Conference Corner: BlogHer Writers '11 - So You Wanna Be a Published Author
BlogHer Writers ’11, sponsored by Penguin, takes place next week in New York City, and if you’re attending we hope our Conference Corner series has helped you prepare for the event. We’ve covered how to get the most out of the event, we’ve examined mentoring groups in closer detail, and today we want to highlight the mechanics of becoming a published author. Even if you're not coming to the conference, you'll want to dig into this.
Last year, author, blogger and BlogHer Blogging & Social Media Section Editor Melissa Ford published an incredibly informative series of blog posts on BlogHer.com about How to Get Published, called a DIY MFA (or do-it-yourself Master's of Fine Arts):
Part 1: Before You Even Get Started
Part 2: Are You Ready to Be an Author
Part 3: How to Write a Non-Fiction Book Proposal
Part 4: Why You Need an Agent
Part 5: How to Get an Agent
Part 6: Querying Agents
Part 7: What Happens Next--Waiting for a Book Sale
Part 8: Self-publishing and Self-representation
Part 9: Working with an Editor
Part 10: Be Your Own Publicist
Part 11: What Comes Next
In this series, Melissa answers questions like:
- “What do you need to have in place before you start trying to find an agent or a publisher?”
- “How do you find a reputable agent?”
- “How seriously should you take deadlines given by editors?”
- “What makes your book marketable?”
… and many, many more. (It is an 11-part series, after all.)
To prepare for BlogHer Writers ’11, we recommend reading through this series and, if you haven’t already, preparing drafts of some of the items discussed: one-liner pitches, query letters, book proposals, etc., even if you aren’t expecting anyone to read them during the conference. Yes, a full-blown book proposal is 30-50 pages. Don't worry! Even time spent outlining a draft for it will help focus your ideas.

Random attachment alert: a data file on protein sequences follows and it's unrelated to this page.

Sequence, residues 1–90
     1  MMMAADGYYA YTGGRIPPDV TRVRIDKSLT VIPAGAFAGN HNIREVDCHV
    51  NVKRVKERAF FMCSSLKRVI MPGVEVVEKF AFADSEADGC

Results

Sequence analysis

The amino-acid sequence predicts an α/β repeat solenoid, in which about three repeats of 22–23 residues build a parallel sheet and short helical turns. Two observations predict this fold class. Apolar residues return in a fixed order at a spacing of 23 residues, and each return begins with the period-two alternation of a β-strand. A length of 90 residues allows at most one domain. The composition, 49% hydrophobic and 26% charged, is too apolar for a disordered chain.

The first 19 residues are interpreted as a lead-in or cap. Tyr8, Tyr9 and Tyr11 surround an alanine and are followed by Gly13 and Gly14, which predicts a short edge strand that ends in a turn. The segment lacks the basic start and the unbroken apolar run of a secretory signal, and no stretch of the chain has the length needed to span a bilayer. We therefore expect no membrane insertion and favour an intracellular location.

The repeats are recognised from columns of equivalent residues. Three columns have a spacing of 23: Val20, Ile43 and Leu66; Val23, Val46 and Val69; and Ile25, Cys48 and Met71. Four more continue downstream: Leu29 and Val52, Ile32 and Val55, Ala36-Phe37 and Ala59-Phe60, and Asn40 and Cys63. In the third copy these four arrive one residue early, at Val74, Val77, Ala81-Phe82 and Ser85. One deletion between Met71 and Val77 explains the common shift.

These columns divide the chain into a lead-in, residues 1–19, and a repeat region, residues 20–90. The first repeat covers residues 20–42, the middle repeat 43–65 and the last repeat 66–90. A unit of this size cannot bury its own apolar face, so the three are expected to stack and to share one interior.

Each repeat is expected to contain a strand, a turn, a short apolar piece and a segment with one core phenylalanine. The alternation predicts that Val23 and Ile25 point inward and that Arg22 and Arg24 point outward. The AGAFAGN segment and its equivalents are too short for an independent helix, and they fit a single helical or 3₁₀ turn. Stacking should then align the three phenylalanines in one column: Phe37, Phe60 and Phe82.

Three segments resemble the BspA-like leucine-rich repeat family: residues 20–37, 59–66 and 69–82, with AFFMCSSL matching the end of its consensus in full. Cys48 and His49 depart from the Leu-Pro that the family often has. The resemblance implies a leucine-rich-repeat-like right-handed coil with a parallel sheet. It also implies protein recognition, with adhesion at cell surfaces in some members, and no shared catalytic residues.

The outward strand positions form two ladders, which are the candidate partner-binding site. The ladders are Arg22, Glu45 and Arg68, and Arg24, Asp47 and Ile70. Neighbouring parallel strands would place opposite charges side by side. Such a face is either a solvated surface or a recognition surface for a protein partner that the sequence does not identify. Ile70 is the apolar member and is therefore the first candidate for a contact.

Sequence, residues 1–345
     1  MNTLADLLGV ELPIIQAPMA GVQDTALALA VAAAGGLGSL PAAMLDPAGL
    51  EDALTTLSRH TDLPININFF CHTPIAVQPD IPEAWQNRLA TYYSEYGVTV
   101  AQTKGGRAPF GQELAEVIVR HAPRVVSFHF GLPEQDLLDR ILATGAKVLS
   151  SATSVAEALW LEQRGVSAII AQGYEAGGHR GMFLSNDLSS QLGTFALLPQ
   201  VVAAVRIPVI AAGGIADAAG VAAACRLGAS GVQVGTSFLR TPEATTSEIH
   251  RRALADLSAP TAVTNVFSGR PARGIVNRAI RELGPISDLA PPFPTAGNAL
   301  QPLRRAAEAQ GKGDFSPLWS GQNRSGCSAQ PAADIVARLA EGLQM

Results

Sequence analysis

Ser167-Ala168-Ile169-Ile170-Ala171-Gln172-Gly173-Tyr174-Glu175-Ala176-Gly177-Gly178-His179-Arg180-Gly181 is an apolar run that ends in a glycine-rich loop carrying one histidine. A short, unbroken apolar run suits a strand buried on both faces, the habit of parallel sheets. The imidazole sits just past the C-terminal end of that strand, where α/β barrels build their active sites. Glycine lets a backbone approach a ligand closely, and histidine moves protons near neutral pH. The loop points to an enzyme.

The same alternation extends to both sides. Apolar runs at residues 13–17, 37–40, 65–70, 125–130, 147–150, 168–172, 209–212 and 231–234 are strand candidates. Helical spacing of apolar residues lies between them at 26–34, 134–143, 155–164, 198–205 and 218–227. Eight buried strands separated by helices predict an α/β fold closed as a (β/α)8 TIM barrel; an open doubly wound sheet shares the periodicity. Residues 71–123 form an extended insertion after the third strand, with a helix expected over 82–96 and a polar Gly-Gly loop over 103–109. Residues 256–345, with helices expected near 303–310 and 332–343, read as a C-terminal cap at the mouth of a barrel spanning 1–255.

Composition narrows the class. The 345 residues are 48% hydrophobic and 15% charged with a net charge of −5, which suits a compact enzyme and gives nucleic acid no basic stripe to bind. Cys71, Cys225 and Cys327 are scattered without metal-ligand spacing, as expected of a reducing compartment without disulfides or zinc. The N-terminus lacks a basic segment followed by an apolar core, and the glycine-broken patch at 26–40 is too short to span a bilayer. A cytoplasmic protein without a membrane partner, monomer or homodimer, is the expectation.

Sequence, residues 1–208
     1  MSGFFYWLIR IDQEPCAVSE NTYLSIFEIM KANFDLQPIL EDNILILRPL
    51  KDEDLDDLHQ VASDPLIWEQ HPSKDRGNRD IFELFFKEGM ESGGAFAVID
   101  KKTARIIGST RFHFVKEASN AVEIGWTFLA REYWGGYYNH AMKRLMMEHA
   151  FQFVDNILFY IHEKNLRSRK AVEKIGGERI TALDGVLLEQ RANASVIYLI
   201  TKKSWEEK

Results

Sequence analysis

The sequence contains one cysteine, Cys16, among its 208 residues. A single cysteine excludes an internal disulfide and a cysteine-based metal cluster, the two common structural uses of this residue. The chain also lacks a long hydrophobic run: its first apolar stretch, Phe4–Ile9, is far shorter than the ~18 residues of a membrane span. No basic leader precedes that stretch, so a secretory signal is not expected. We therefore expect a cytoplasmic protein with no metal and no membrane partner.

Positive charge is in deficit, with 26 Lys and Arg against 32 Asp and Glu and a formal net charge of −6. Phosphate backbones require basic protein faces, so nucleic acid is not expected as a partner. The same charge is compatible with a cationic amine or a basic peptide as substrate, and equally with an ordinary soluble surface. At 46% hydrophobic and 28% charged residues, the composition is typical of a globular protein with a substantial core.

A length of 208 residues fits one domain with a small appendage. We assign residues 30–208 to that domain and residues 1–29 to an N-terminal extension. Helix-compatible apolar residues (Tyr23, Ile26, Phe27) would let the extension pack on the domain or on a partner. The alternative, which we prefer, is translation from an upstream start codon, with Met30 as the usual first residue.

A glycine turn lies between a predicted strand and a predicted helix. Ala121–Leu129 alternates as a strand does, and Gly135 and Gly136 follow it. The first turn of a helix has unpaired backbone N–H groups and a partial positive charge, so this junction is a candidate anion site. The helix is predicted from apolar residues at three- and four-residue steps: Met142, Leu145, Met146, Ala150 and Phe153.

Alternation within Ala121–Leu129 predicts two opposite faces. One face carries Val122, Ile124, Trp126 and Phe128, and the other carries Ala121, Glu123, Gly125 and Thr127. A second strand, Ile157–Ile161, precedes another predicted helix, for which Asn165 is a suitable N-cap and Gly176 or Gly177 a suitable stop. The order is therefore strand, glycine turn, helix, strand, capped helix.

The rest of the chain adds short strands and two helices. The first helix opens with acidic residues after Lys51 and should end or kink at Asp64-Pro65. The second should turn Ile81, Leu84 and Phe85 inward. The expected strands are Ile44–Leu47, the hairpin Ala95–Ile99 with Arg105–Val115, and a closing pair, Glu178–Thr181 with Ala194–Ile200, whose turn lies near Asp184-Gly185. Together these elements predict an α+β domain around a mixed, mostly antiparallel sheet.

The more you do in advance to prepare for the conference, the sessions, and the mentoring groups, the more you will get out of the event. After reading this series and understanding the full scope of the publishing process, we hope you’ll be able to articulate the stage you’re in and the specific challenges you’re experiencing. Knowing this will help you ask smarter questions of panelists, your mentor, or anyone you meet there, when opportunities arise. (And trust us, those opportunities will arise!)
There are still a few tickets available for the conference next week in New York City. Hurry and register if you're interested in joining us!